Monday 16 Jul 2018 | 13:11 | SYDNEY
Monday 16 Jul 2018 | 13:11 | SYDNEY

Lu Kewens Go-To Palace


Graeme Dobell

29 April 2010 08:52

One gauge of an Australian Government's international hopes and fears is in the foreign policy institutions it creates at the Australian National University.

Prime Ministers and Foreign Ministers have a history of marking their era with think tanks, centres and institutes at the ANU. In the space of two days, Kevin Rudd has done the ANU trick twice. He  launched the new National Security College and announced the creation of the Australian Centre on China in the World.

The history of such governmental creations at the ANU suggests both bodies should have reasonable life spans. One exception was the Peace Research Centre founded by Bill Hayden when he was Foreign Minister. The Centre's focus on disarmament and peace issues helped Hayden's strategy to protect the government on the left, both within the Party and the electorate. Peace carried too much Labor baggage when political power changed hands — Alexander Downer severed the Foreign Affairs funding for the Centre and it went to a peaceful end.

What the Minister takes he can also give. Downer was partial to ANU building. The Foreign Minister put in the money to create and run both the Centre for Democratic Institutions and the Asia-Pacific College of Diplomacy. These reflected Downer's personal beliefs, policy concerns and thinking about what might help Australia promote its interests in the region.

Kevin Rudd, then, is following a familiar path with his ANU building. What does it tell us about current fashions in Canberra and the Prime Minister's thinking?

The National Security College is yet another expression of the counter-terrorism edifice that has risen in Canberra since 2001. The jihadist threat has funded an impressive expansion of institutions such as ASIO and the Federal Police. And the heart (or brain, anyway) of the national security endeavour is now firmly implanted in the Prime Minister's Department.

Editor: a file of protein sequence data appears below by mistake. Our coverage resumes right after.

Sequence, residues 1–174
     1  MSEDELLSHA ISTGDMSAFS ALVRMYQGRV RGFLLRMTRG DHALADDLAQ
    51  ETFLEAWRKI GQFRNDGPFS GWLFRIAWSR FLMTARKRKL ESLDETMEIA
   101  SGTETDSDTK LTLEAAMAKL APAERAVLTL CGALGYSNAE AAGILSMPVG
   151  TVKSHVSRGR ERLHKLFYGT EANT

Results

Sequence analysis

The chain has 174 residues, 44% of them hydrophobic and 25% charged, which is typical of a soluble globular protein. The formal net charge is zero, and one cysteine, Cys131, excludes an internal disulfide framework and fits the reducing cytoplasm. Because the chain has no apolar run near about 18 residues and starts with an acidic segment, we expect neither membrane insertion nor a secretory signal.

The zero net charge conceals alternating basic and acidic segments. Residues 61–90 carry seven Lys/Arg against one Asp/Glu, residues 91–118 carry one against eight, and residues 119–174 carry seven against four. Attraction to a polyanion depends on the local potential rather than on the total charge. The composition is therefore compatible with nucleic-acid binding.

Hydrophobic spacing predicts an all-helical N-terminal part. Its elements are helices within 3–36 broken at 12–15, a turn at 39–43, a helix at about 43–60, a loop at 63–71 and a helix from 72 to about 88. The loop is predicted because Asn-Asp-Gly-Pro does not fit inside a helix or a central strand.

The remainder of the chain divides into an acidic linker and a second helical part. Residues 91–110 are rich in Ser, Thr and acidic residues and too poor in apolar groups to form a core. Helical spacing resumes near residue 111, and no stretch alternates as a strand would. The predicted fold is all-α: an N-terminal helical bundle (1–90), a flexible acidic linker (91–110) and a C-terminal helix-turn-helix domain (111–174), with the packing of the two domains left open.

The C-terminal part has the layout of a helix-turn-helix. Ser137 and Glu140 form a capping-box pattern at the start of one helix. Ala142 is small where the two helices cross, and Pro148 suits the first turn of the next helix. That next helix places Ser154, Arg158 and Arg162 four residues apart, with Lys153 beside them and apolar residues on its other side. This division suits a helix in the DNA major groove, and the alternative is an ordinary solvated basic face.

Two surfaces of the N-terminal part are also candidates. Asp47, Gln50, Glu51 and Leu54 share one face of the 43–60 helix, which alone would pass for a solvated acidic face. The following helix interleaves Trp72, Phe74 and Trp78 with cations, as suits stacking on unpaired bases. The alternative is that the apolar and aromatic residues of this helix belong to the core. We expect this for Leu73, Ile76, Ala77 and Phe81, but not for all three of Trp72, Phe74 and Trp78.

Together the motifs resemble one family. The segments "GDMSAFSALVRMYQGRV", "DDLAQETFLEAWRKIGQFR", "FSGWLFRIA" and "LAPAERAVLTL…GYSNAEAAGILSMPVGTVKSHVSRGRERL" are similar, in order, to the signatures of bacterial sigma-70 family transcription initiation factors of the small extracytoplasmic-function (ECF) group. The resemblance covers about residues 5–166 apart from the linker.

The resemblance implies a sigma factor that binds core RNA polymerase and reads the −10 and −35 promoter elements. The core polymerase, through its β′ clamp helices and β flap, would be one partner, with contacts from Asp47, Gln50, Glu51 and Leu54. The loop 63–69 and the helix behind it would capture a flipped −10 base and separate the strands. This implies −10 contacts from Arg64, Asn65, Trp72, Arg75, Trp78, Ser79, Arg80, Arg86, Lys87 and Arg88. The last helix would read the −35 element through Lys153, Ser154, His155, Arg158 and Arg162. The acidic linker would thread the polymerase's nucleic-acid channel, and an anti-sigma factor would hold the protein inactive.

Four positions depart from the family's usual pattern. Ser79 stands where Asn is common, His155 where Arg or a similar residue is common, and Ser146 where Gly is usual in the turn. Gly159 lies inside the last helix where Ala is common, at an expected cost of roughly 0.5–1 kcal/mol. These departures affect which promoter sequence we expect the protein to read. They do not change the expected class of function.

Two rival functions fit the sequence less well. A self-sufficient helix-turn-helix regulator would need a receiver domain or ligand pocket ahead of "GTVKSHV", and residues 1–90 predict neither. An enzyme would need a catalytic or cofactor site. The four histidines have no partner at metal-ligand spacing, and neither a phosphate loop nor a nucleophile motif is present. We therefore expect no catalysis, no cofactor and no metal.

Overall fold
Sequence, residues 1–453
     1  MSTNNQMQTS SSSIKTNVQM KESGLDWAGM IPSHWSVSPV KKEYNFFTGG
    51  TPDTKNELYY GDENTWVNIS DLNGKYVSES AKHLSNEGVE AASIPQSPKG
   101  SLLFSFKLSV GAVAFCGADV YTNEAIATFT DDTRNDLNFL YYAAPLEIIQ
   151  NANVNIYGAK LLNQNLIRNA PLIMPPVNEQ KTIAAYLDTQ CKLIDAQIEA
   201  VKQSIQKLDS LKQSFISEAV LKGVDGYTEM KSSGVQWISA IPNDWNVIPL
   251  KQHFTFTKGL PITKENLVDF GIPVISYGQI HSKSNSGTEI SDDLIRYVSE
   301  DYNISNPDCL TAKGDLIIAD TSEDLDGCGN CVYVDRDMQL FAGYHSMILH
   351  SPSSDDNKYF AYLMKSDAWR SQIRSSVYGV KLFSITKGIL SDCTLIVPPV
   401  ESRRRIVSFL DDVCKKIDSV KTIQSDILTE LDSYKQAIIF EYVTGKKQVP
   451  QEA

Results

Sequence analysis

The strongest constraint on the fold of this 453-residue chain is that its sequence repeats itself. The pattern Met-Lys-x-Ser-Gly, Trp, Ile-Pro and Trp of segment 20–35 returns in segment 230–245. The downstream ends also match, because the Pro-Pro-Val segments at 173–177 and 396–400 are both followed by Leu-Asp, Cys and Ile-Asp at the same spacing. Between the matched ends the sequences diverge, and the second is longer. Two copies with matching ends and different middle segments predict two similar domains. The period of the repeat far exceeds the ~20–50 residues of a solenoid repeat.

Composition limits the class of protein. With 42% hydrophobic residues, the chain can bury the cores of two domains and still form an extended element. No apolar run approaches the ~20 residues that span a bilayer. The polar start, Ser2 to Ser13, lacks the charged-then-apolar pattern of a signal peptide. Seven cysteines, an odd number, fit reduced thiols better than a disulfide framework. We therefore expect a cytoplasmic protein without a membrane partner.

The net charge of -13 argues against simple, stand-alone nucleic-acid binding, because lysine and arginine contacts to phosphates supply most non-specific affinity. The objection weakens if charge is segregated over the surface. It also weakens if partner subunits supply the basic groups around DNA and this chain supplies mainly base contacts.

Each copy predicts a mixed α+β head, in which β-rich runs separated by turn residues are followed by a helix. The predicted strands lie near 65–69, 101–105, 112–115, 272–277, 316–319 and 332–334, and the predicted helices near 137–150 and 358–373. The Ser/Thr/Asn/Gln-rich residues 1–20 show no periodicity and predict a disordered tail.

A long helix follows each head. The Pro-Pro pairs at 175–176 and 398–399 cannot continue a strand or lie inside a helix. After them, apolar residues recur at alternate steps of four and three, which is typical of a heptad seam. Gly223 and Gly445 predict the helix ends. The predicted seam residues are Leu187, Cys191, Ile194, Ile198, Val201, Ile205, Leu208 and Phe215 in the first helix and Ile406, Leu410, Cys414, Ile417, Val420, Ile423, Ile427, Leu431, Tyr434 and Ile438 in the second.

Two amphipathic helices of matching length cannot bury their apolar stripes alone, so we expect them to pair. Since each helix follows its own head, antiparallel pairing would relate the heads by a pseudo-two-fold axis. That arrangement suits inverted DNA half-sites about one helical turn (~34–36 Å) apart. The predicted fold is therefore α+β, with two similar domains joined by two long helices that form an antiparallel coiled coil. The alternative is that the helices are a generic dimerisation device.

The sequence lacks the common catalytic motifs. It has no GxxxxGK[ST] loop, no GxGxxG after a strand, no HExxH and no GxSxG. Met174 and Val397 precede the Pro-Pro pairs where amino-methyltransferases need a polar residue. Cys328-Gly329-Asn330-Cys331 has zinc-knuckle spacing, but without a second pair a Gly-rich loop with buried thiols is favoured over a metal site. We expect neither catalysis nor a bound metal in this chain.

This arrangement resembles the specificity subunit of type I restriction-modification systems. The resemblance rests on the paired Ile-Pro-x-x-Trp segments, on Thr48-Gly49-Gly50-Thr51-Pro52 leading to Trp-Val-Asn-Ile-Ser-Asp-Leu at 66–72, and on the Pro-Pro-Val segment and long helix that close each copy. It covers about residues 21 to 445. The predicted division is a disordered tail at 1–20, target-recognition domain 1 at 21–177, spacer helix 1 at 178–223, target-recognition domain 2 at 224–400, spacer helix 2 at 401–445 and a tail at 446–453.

In line with the Rudd's strange habit of doing jobs-for-the-Liberal-boys, the founding head of the Security College is Michael L'Estrange, who first made his mark in Canberra swinging an axe for John Howard. L'Estrange's intellect and experience saw him score the rare double of being appointed secretary of DFAT by both Liberal and Labor Governments. He is a bipartisan natural for the College. This continues the Rudd strategy on national security — adopt what John Howard did and drive it in the same direction. Safe politics and safe policy.

The China creation is obviously much closer to Rudd's heart. It, too, can expect bipartisan support. But it's hard to imagine Howard or Downer ever wanting to give the ANU even more money to think about China. And Rudd's world's-best aspirations for his new ANU baby ensure it won't limp along on chump change.

The Howard mantra about China was cautious and utterly pragmatic. Howard's interest was to keep bilateral relations stable and productive so that trade could keep going gangbusters. Australia would cling ever closer to the US alliance and embrace the China market. It was a neat balancing trick and a productive formula: minimise differences with Beijing and get on with business.

Even if he wanted to, Kevin Rudd could not structure his thinking about China so tightly. The China Centre is a reflection of Rudd's life as much as an expression of Australia's future interests. Rudd quoted Geremie Barmé on the need to create a New Sinology:

The Australian Government's aspiration is to make this centre the pre-eminent global institution for the integrated understanding of contemporary China in all its dimensions - and for the study of contemporary China's regional and global engagement....In short, the Government's intention is to build over time the global go-to place for the analysis of the continued rise of China in all of its complexity.

Perhaps that can be the nickname for the China Centre: Lu Kewens Go-To Palace.

Photo of the Hedley Bull Centre courtesy of ANU.